On April 5, after extensive and careful consideration and debate, the MCBA Board of Trustees voted to convert its judicial rating process into educational efforts designed to inform the public about candidates running for judicial office. The decision came after review of a report prepared by a Blue Ribbon Task Force appointed by me in June 2016 to review the process, to make recommendations as to how to make the judicial evaluation process better and to opine on whether an alternative approach may be more appropriate. The MCBA Judiciary Committee, the MCBA Bench Bar Committee and the MCBA Litigation Section also provided their comments to the Board of Trustees after reviewing the Task Force Report.
The Blue Ribbon Task Force had been appointed because of the expressed misgivings about certain procedural aspects of the process and the fact that many judicial candidates were simply not participating in it (some at the urging of their political party). That made it clear to me that we needed to include the political parties in the work of the task force so that they would have confidence in the results and encourage their candidates to participate. There have been task forces in the past that have recommended changes in the process, but this was the first one that included direct participation by the political parties.
The Blue Ribbon Task Force consisted of two former Appellate Division judges (one Republican, one Democrat), a former chief administrative judge, a representative of each of the political parties (Republican, Democratic and Conservative), a former GRAWA president and two former MCBA presidents. The primary driver of the decision to create the task force was that the rating process, as it currently exists, was nearly universally recognized as not fulfilling the purpose for which it was set up — i.e., assisting the political parties in choosing judicial candidates and assisting the public in voting for candidates who were deemed highly qualified or at least qualified by a bipartisan committee of trial lawyers charged with evaluating them.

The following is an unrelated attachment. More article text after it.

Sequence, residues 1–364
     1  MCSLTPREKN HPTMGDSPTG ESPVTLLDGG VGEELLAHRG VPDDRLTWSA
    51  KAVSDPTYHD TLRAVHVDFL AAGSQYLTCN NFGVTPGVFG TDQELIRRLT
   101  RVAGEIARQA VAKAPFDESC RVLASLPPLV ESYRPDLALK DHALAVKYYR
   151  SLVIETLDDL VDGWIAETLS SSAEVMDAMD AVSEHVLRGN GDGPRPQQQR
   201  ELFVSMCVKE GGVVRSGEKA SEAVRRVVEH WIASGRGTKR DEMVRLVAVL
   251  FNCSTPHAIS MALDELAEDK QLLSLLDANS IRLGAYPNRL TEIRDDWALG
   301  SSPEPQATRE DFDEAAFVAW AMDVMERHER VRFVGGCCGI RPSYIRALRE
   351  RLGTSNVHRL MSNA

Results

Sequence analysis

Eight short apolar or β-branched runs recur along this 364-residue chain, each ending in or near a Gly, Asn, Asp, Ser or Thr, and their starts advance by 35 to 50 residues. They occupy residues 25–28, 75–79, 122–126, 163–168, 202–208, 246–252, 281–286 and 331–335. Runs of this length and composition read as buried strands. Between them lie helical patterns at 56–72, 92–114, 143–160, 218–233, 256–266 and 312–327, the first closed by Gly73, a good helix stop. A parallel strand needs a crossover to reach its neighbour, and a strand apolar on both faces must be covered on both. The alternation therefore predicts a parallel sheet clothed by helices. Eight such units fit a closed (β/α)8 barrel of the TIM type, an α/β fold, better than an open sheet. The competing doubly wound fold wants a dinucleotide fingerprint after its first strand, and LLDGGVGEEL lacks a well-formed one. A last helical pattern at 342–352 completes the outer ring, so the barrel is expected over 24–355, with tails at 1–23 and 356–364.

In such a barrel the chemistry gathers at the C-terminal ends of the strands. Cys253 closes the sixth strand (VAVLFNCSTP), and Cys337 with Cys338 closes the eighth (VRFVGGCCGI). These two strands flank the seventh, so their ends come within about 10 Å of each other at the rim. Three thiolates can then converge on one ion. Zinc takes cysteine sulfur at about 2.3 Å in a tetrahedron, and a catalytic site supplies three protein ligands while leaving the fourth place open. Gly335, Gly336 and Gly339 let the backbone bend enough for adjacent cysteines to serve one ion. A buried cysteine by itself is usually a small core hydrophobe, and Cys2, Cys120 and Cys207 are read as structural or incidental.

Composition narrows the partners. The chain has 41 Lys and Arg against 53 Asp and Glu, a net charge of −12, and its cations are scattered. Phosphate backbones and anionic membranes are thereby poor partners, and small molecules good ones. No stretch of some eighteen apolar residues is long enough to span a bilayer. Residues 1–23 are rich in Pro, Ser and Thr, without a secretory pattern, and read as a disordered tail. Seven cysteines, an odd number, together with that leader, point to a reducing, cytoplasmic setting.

Initially, it was clear that, with revisions or not, the political parties would continue to make their decisions on candidates prior to and without the input of the MCBA judicial rating process. More importantly, an examination of past election results seemed to show that voters selected candidates based largely on political party, ethnic background, television advertising and other factors rather than on MCBA ratings. Nor could anyone reasonably foresee that the rating process would have any future meaningful effect on how the public votes for judicial candidates (at least in the near future).
At the same time, the judicial rating process had considerable costs associated with it. Those costs included not only the attorney and staff time devoted to interviewing the candidates, speaking to lawyers who had cases with the candidates, and evaluating opinions and briefs written by the candidates, but also the fact that an increasing number of judges and attorneys have become alienated from the bar association as a result of those ratings and of the evaluation process as a whole.
The task force recommended 12 potential changes to the current rating process. However, by more than a two-thirds majority, the task force recommended that the Board of Trustees eliminate the rating system even if the 12 amendments were adopted. The task force further recommended that the MCBA convert the program to an educational one designed to explore the candidate’s background, reasons for running, judicial philosophy, and other relevant factors.
In making this decision, the Board of Trustees recognized that some may want to continue the current system and will be disappointed, but in the end the Board of Trustees decided this educational emphasis, particularly if done with media coverage, would have a more concrete impact on how the public views the candidates rather than our current one- or two-word label and would be in the best interest of the MCBA, its members, and the public.
Mark J. Moretti is President of the Monroe County Bar Association and is the leader of Phillips Lytle LLP’s Construction Litigation Practice Team. He can be reached at firstname.lastname@example.org.